There is inherently more drama in knowing that a play at the plate could result in two grown men knocking the bejeezus out of one another. There's really no logical argument you can make to refute it.
No need to take this down the slippery slope.If that's truly the case, why not make the game more exciting my allowing collisions at any base? Better yet, lets go back to the days where plucking a base runner is as good as a tag or a force out. Force outs are kinda boring truthfully. There's real drama in Jay Bruce pegging a runner square in the back as he tries to stretch a double into a triple...
"I prefer books and movies where the conflict isn't of the extreme cannibal apocalypse variety I guess." Redsfaithful
"This isnít stats vs scouts - this is stats and scouts working together, building an organization that blends the best of both worlds. This is the blueprint for how a baseball organization should be run. And, whether the baseball men of the 20th century like it or not, this is where baseball is going."---Dave Cameron, U.S.S. Mariner
I think, if anything, the frequency of collisions and spikes and rough play around the bases has decreased.
From what my faulty brain can remember of the 60's and 70's, guys getting clobbered on the bases was a routine thing. It was expected. About when guys started getting really big money, they started taking offense at it. Which was around the same time that getting knocked down at the plate stopped being OK and mounds got charged.
All completely subjective.
And FWIW, if you don't like collisions, then don't play catcher. I don't like guys getting hurt, but if you put yourself in harms way, you might have to pay the price.
First, if Cousins tries to go around Posey, and Posey fields the ball cleanly, Cousins is out, as the ball clearly beat him with enough time for Posey to do a sweep tag.
But regardless, even if Cousins shouldn't have tried to run Posey over, Posey was very poorly positioned.
The proper technique that Bench established for making a sweep tag is to be way in front of the plate, and stretch your left leg straight out so that it blocks the plate. This forces the runner to either jump over the leg, or go way around it, and allows you to sweep way behind the plate once you get the ball.
Posey was too close to the plate, and had his leg tucked under him. This gave Cousins a clear path to the plate, through Posey, and made Posey's leg very vulnerable when contact was made.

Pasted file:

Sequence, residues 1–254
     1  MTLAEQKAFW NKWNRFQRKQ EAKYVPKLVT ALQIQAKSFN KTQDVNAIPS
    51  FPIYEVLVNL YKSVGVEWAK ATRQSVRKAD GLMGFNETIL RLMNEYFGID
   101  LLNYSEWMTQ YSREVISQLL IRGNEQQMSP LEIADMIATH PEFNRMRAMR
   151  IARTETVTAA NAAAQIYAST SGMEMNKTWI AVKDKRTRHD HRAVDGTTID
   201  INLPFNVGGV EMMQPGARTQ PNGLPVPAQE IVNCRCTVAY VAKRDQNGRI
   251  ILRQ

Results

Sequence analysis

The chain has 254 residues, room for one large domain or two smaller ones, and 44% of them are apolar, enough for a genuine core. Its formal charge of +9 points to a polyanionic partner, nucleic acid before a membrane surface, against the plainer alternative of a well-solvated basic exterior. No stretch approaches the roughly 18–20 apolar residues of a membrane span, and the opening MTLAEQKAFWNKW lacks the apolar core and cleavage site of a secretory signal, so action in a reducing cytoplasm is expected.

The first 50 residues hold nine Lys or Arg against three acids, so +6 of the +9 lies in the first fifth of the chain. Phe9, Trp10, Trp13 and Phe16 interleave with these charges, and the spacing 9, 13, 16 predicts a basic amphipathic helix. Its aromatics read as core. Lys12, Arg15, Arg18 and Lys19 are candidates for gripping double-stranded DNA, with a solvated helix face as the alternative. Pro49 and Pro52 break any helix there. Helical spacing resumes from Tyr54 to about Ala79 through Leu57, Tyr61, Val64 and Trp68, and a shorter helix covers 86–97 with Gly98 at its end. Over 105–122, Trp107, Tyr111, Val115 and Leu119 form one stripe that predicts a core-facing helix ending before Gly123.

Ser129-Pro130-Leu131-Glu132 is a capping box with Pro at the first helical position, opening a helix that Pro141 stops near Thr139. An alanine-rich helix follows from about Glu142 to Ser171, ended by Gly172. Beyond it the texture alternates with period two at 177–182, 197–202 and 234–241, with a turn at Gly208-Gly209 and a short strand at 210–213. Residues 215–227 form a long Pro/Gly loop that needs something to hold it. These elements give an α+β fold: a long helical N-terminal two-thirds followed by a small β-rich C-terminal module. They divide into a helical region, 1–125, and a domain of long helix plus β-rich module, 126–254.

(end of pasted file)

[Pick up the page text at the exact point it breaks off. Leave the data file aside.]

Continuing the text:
If Posey is in the correct position there, Cousins can't run him over, and even if he tries, Posey would be fine.
I'm not trying to blame Posey or take blame away from Cousins for a hard slide, but just point out that if Posey had proper technique, he would have not been injured.
"They didn't like it in Pittsburgh."
"If they knew what they liked, they wouldn't live in Pittsburgh."
Preston Sturgess - "Sullivan's Travels"
It's a self-policing dynamic.
If you don't want to get run over, don't stand in the baseline.
If you decide to plow into the catcher, plan on subsequently seeing a whole lot of high & tight fastballs each time you step into the batters box against the catcher's teammates.
The need for that run in that game has always been debated, but it was a product of the era, and that same era produced 3 years earlier a 15 inning game for the AS game that was a 2-1 final.
Runs are gold
"No matter how good you are, you're going to lose one-third of your games. No matter how bad you are you're going to win one-third of your games. It's the other third that makes the difference." ~Tommy Lasorda
I sure don't get the hand-wringing. It was a clean baseball play. Posey knowingly put himself at risk with where he set up. That kind of play is an inherent risk of playing catcher. Given Posey's value to that team and that he can play 1b, the Giants had the option of removing that risk by stationing him at 1b. They chose not to. And a baseball play happened. Not sure why the fuss or the calls to change the rules.
home plate is a dangerous place....
YouTube - ‪Collision at Home Plate‬‏
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